Australian cities are growing fast – and fastest at the fringe. Streets, houses, parks and shops are appearing where recently all was paddocks and cows.
A new house is completed in an urban growth area every 15 minutes. These areas are home to more than three million Australians and their populations are growing more than twice as fast as the national average.
Yet these greenfield neighbourhoods won’t be new for long. Soon they will be a solid part of the urban fabric. The irony is that as the new suburbs become more established, they will also need to become more flexible, because we can expect that within a generation their demographic make-up will have shifted substantially.
As households mature, people move in and out, and communities evolve, the needs and preferences of residents change. Successful suburbs change as the community changes, delivering different housing options and new services as the need arises. If suburbs fail to do this, then they will become less desirable places to live. If they cannot attract new residents and new businesses, they won’t experience the renewal that is essential to a vital city.
It is understandable that policy makers and property developers are focused on catering to the immediate requirements of the initial residents of greenfield areas. Given the speed of growth this is a significant challenge. But there are also things we can do now to ensure that our newest suburbs thrive in the future. A new report from the Grattan Institute, Tomorrow’s suburbs: building flexible neighbourhoods, shows how it might happen.
In a flexible suburb land can be used for different activities over time, without restrictive covenants or onerous zoning rules preventing change. For example, a home-owner could establish a small business in the garage or build a granny flat in the backyard.
Flexible suburbs will also offer a range of housing options, enabling residents to stay in the same area but move into a different type of dwelling if their needs change. Some people might choose to live in a smaller home later in life, or they might have different housing needs if a relationship breaks up.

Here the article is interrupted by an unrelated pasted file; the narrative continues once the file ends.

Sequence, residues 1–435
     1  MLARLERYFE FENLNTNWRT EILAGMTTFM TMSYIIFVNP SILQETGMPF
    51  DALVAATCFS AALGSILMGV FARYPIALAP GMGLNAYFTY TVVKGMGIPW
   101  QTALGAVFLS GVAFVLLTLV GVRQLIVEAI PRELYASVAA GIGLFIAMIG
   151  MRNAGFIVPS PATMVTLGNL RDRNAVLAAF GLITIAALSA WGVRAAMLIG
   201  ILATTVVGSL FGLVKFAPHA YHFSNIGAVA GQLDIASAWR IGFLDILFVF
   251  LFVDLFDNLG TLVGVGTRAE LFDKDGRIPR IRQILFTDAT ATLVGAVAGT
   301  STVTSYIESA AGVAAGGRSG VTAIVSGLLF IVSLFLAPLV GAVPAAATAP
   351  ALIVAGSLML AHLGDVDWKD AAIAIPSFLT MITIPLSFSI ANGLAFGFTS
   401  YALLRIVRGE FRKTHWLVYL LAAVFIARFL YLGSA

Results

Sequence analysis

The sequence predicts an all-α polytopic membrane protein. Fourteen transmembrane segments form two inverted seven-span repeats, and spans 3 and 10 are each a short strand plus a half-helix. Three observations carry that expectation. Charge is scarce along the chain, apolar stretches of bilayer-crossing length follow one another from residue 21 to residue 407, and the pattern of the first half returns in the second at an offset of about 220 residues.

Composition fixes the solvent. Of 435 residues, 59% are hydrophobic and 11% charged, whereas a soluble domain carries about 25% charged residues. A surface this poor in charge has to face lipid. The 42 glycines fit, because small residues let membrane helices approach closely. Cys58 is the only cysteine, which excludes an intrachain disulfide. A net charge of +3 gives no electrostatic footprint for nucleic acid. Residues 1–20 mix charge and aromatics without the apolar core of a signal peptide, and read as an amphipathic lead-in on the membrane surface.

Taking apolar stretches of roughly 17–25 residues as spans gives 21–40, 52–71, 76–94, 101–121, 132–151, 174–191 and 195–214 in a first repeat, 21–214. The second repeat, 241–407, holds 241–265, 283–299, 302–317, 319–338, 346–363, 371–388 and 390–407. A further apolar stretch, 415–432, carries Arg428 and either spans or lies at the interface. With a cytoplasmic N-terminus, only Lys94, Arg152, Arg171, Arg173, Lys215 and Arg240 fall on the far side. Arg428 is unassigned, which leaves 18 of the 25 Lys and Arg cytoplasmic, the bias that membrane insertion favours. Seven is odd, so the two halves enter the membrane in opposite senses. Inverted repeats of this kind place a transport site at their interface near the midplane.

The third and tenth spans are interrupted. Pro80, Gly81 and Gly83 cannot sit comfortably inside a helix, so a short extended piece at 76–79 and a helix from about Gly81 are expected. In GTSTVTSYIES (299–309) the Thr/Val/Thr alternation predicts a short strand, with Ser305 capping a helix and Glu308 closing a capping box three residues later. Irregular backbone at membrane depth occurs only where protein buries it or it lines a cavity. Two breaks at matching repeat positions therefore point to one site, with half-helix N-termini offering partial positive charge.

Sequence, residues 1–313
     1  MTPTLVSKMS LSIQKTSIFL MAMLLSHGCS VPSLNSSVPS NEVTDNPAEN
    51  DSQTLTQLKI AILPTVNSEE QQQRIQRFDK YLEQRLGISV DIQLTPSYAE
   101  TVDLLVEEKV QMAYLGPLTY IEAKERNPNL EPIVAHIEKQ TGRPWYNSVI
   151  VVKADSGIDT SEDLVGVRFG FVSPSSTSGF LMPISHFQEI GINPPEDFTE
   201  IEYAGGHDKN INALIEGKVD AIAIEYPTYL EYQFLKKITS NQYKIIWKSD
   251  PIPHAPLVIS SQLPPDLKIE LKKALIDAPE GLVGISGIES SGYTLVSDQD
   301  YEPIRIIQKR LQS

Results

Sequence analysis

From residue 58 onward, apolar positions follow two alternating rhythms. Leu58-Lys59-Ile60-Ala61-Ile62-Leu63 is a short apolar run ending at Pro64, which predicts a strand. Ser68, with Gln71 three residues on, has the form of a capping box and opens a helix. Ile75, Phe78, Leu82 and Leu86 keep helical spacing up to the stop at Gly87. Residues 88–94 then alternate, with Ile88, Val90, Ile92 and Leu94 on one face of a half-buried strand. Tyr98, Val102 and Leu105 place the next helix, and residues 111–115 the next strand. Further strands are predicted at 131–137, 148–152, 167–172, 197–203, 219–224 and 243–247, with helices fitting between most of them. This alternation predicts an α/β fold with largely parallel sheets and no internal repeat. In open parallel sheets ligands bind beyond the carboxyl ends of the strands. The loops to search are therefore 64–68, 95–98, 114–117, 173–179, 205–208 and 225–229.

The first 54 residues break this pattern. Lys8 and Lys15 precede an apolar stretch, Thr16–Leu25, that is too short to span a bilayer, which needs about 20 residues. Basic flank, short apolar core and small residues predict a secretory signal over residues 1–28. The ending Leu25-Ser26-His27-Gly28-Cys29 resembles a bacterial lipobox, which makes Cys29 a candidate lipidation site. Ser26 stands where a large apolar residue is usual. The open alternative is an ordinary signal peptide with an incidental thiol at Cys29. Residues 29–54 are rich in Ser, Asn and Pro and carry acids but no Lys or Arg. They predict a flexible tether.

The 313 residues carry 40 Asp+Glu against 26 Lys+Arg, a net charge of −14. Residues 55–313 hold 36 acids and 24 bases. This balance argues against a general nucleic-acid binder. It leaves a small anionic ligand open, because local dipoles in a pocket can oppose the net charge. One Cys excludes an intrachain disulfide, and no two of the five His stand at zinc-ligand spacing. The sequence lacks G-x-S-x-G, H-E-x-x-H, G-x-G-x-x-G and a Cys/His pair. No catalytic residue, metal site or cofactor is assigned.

Flexible suburbs provide the space and opportunity to establish local enterprises. They also have the capacity to offer new services and recreational choices in line with changing needs. A playground designed for primary school children will hold few attractions for teenagers.
Suburbs that can adapt in these and other ways are more likely to remain desirable, high-quality places to live, holding existing residents and businesses and attracting newcomers and new investment.
We can see the value of flexibility in existing urban areas, especially the older core of our cities. In recent decades the return of residents to inner city areas has revived central business districts and nearby suburbs. By pure chance, certain characteristics of these older areas facilitated that process of urban renewal.
The interweaving of residential buildings and commercial premises into mixed-use neighbourhoods gave residents easy access to a range of shops and services. The presence of a diverse range of buildings, including former factories and warehouses, enabled the conversion of existing structures to new uses.
Strong public transport networks and proximity to jobs lifted land values and made redevelopment viable.
Many of the communities now being established in greenfield areas lack these qualities. Instead of mixed-use neighbourhoods, residential, commercial and other activities are largely kept separate. Town centres tend to lack a diversity of shops and businesses. Transport networks are often weak.
Housing is dominated by uniform lot sizes containing detached family-style dwellings. There is not much housing designed for people who might live alone, either by choice or because of a change in their life circumstances.
These features of greenfield suburbs have consequences for residents and for a city as a whole. If a suburb struggles to adapt to changing needs and preferences, it may struggle to regenerate by attracting a wide range of residents. In that case, development is more likely to continue to expand into new greenfield sites even further from the city centre. Congestion will grow, commuting journeys will lengthen and greater investment will be required for new infrastructure.
We need to make our new suburbs, shopping centres, buildings and homes more adaptable to change, without imposing undue burdens or costs on current residents.
Policy makers should look again at restrictive covenants and rezoning, with a view to making them more flexible. Streets around greenfield shopping centres might be used to allow a greater variety of local businesses to emerge over time. Above all, we must ensure that greenfield developments are flexible enough to become the successful suburbs of tomorrow.
More detail is available at “Tomorrow’s Suburbs: Building flexible neighbourhoods”.